Unfortunately, not everything works so buttery-smooth. Connecting multiple devices is possible, but switching seamlessly between them is not. Going between my iPad and Pixel 3 required a few trips to the settings and manually disconnecting and then reconnecting each time. This isn’t a big deal if you’re just going to be on one device, but if you’re like me and use more than one device it can be a hassle. Switching between Google Podcasts on my phone during my commute, to Spotify on my iPad once I reached my destination meant reconnecting multiple times throughout the day which, obviously, isn’t ideal.
The Anker Soundcore Liberty Air also don’t have any buttons on them, so playback controls are left to the touch-sensitive spots on the outside of either earbud. Double-tapping the right earbud pauses/plays music and answers phone calls, while double-tapping the left earbud activates your phones assistant. You can also two and hold for two seconds on the right and left earbuds to skip to the next track and return to a previous track, respectively. They work fairly well, save for returning to a previous track. I was never able to actually return to a previous track since you have to hold down the side of the left earbud for a full two seconds to activate the function. By the time it registered, I was already too far into the song to return to a previous track and all that it did was replay the current song from the beginning.
Like all true wireless earbuds, you can’t expect these to say much longer than a few hours. So if you’re going to be on an intercontinental flight you might still want to look into active house cancelling headphones, but for the average commute or trip to the gym, it’s more than enough. Anker claims around five hours of constant playback with an extra 15-hours being provided by the charging case.
In our testing, we found that they lasted 4 hours and 49 minutes before needing to go back in the case. Not bad at all considering the average is currently around 3.5 hours. It actually puts it almost at the top of our true wireless battery testing, second only to the Jabra Elite 65t. The downside is that you’ll have to carry around a micro-USB cable in order to charge these. It comes with one in the box, but seeing USB-C would’ve made these even more desirable.
How do they sound?
Despite all of the issues I already mentioned regarding playback controls, I’m still tempted to get a pair of these even though I only just bought myself a pair of the RHA TrueConnect earbuds (at full price mind you). The reason is simple: I love how these sound. As useful as the connectivity features are on the AirPods even aficionados will never say they sound good because they don’t. That’s not a knock on Apple, most true wireless ‘buds suffer from bad sound quality. While I won’t ever call the sound on the Anker Soundcore Liberty Air “high quality,” they’re definitely one of my favorite sounding true wireless earbuds I’ve used to date along with the Master & Dynamic MW07 earbuds.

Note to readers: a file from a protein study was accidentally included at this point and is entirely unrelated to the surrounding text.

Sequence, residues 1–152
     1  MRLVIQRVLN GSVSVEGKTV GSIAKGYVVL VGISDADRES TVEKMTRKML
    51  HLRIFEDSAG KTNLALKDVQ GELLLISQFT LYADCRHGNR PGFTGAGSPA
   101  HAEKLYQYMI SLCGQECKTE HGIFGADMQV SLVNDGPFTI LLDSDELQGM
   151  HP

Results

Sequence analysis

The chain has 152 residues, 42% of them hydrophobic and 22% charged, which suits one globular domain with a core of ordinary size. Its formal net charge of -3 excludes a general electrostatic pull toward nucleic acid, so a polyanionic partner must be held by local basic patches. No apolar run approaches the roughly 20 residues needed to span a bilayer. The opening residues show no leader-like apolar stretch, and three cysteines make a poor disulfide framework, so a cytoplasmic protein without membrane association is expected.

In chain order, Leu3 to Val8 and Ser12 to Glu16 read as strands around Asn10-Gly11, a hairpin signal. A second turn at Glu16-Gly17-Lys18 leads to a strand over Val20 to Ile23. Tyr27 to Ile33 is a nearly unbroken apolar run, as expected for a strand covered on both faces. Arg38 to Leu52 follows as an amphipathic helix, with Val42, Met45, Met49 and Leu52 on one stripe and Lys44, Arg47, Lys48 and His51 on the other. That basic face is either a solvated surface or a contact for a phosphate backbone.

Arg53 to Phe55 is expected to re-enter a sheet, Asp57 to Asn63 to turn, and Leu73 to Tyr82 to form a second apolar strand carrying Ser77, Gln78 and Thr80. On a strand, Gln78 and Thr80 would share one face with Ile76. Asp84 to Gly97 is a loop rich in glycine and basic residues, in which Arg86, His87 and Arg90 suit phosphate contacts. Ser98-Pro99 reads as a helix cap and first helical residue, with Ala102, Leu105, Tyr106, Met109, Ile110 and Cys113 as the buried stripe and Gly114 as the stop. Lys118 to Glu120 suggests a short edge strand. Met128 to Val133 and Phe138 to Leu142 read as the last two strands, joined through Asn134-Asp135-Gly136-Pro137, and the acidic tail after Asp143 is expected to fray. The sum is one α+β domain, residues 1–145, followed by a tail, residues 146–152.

You can see by looking at the frequency response that these are not lacking in bass, but they’re not overly emphasized like how do so many other products are when trying to hide bad sound quality. The song Only You by Joshua Radin is one that I use when trying gauge how much a singer’s vocals get masked by the low end because of the subtle yet strong bass notes on his guitar. The Soundcore Liberty Air handle it spectacularly, giving the right amount of umpf to the guitar in the solo parts of the track without getting in the way of Radin’s soft vocals. While this is great to me, people that prefer more bass while performing activities like working out might not be too keen on these.
While I found the mids and lows were handled nicely, that isn’t the case with the high end. Cymbals in the song Dirty Paws by Of Monsters and Men have basically no detail or depth most likely due to the fact that the emphasis in the high end can lead to some wonky notes in the ranges we barely hear anyway. This is pretty normal, and something that happens with the vast majority of headphones.
So should you get the Anker Soundcore Liberty Air? If you’re looking for a pair of true wireless earbuds and don’t want to spend the bucks to go with the kings of the playground (AirPods Pro, Sony WH-1000xM3, or Jabra Elite Active 75t), then you don’t have to. The original Anker Soundcore Liberty Air earbuds are still a good deal, but they’ve been updated with a newer version that won’t cost you more than $100. Plus, the newer model has the added benefit of a sleeker design, better build, Bluetooth 5.0, and personalized EQ settings, and longer battery life per charge. In short, no, you shouldn’t get the Soundcore Liberty Air as they’re now outdated. Instead, check out the newer Anker offerings.